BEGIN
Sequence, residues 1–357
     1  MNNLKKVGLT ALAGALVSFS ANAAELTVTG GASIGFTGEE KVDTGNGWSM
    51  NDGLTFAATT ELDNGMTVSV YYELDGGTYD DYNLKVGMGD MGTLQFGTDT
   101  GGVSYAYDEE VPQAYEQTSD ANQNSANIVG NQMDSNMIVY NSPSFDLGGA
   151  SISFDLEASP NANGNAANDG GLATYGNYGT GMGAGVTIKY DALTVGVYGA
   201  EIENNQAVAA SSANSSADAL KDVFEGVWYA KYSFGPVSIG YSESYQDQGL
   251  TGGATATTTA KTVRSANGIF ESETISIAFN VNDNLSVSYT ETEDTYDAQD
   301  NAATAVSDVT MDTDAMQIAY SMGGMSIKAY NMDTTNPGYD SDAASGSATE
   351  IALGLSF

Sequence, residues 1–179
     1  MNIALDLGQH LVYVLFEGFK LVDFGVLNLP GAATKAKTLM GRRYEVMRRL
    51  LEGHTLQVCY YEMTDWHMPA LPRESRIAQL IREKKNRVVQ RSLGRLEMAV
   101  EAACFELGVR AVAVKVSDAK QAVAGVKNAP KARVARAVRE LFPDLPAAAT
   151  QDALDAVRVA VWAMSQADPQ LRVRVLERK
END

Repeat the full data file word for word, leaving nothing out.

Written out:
Sequence, residues 1–357
     1  MNNLKKVGLT ALAGALVSFS ANAAELTVTG GASIGFTGEE KVDTGNGWSM
    51  NDGLTFAATT ELDNGMTVSV YYELDGGTYD DYNLKVGMGD MGTLQFGTDT
   101  GGVSYAYDEE VPQAYEQTSD ANQNSANIVG NQMDSNMIVY NSPSFDLGGA
   151  SISFDLEASP NANGNAANDG GLATYGNYGT GMGAGVTIKY DALTVGVYGA
   201  EIENNQAVAA SSANSSADAL KDVFEGVWYA KYSFGPVSIG YSESYQDQGL
   251  TGGATATTTA KTVRSANGIF ESETISIAFN VNDNLSVSYT ETEDTYDAQD
   301  NAATAVSDVT MDTDAMQIAY SMGGMSIKAY NMDTTNPGYD SDAASGSATE
   351  IALGLSF

Sequence, residues 1–179
     1  MNIALDLGQH LVYVLFEGFK LVDFGVLNLP GAATKAKTLM GRRYEVMRRL
    51  LEGHTLQVCY YEMTDWHMPA LPRESRIAQL IREKKNRVVQ RSLGRLEMAV
   101  EAACFELGVR AVAVKVSDAK QAVAGVKNAP KARVARAVRE LFPDLPAAAT
   151  QDALDAVRVA VWAMSQADPQ LRVRVLERK